9th Course: Roasted Eggplant, Porcini Mushrooms, Balsamic. There was a lot going on here. Eggplant, pine nuts, onion, eggplant puree, porcini, stracciatella cheese, creme fraiche, balsamic, and some type of (herb?) oil. The cheese was good. The puree was great. The porcini was fairly bland. The eggplant, the feature, was watery. I tried different approaches to building bites, but every try came down to the (lack of) flavor of the eggplant. This was sad, because the other components on the plate scraped together were delicious, but overall the dish fell short.

10th Course: Artichokes in Barigoule, peppers, spinach, sesame. A very refined take on the traditional Provencal Barigoule. I’m always back-and-forth with artichokes and my liking for them. Here, I appreciated the balance contrast of the light caramelization with the remaining natural astringency. The spinach was great, balled tightly with sesame seeds and oil. The alliums and legumes were tasty. If I hadn’t been told what the punches of pickled red pepper were, I likely wouldn’t have figured it out. Full-flavored and overall balanced, this was a beautiful dish.

Pre-Pre-Dessert: Cucumber Sorbet, Berry. A small, fresh, tart bite to transition.

Pre-Dessert: Bay Leaf Panna Cotta, Apricot Puree, Candied Almonds. Nutty, Herbaceous, Fruity. A small, complete dessert in itself, this got me excited for what Pastry Chef Michal Shelkowitz had coming next.

11th Course: Frozen Raspberry Parfait, Creme Fraiche, Mint, Sweet Pea Sorbet. This was a winner from the start due to the sweet peas involved. Aside from that, the paradox of the richness and lightness of the parfait, countered by the tart berry was sublime. Had we not been the last table in the restaurant already, I would have followed up with a dessert flight to see what else Shelkowitz was working with.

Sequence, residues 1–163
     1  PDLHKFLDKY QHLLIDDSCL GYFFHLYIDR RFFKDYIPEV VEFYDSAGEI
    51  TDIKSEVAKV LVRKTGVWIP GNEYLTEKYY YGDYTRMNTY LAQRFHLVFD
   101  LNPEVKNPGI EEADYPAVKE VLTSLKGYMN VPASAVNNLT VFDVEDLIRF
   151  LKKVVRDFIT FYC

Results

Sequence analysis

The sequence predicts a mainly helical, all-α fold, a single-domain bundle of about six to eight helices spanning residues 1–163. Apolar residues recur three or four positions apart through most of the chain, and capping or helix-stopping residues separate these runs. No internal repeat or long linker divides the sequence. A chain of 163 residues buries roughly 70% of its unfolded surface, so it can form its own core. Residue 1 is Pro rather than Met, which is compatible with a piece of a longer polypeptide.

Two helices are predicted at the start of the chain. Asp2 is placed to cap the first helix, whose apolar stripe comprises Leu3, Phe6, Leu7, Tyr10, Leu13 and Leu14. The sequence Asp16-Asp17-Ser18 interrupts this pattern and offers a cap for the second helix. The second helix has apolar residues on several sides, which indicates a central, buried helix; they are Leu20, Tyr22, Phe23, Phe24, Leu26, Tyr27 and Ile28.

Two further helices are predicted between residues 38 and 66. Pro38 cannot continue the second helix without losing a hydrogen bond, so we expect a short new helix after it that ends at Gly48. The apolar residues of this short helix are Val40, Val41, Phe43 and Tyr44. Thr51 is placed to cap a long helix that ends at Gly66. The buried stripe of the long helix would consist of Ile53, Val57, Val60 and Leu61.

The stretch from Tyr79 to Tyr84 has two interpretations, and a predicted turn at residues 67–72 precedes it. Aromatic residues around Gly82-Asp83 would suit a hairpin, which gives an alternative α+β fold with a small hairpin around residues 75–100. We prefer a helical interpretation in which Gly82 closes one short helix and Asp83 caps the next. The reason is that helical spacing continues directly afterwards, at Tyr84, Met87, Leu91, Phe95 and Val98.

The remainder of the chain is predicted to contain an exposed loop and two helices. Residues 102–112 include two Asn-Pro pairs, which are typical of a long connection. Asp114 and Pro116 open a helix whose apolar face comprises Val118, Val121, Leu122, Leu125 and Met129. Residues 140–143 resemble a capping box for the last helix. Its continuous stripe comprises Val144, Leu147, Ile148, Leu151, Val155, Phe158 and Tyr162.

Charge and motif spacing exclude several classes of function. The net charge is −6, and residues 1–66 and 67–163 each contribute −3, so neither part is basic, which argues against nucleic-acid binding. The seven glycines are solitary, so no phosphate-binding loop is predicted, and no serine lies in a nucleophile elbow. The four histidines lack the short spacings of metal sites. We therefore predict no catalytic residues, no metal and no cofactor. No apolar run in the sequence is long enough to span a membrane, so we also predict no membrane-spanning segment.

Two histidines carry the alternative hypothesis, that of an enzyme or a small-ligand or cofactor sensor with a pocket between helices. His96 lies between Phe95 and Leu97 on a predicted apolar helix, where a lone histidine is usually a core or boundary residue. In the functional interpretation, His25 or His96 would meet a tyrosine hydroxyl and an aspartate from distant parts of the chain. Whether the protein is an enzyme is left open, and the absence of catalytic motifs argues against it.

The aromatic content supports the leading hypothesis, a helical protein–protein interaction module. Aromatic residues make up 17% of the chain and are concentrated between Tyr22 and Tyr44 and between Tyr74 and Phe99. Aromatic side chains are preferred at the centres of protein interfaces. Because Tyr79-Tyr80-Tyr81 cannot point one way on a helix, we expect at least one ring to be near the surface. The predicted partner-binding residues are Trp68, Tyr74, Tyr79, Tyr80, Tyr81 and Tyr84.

By the time we were on to the sweeter part of the meal, The Bro had finished the rest of the Riesling and was itching for another glass. Something sweet. After looking through the dessert wine list, we were down to two choices. Though based on the success on the Santenay selection earlier, I thought it best to ask the team what they would pair with our dessert. Since their choice matched up with one of ours, so it was. We were poured two glasses of 2003 Kiralyudvar Tokaji. Rich depth, tropical fruit, ripe citrus, honey, and good acid for a sophisticated balance. A great pair for the fruit-based sweet dishes.

Petit Fours: Salted Brownie, Peanut Butter and Jelly Macaron, Milk Chocolate Bacon. The bacon chocolates tasted remarkably more like pork than chocolate. The macaron meringues had a great texture. As for the brownies, I’m betting I could down a pan of them without regrets.

As our meal closed, we were offered a tour of the kitchen, which we accepted. When the bill arrived, we found we hadn’t been charged for any menu supplements or BTG wines, an unexpected generosity we hope we compensated for on the tip line.

Knowing that Fraser and his team at Dovetail have the vegetable spectrum down solidly makes me want to get back soon for the chef’s tasting to see if the animal protein side of things are delivered as diversely and elegantly. Being that the restaurant is so close to my home now(I signed my UWS lease two months ago), I anticipate my return will happen sooner than later.

Date of visit: July 3, 2012

Drinks while typing: 2005 Heredos del Marques de Riscal Rioja Reserva; 2007 Domaine Cauhapé Jurancon Ballet d’Octobre

Dovetail. 103 West 77th Street. NYC. 212.362.3800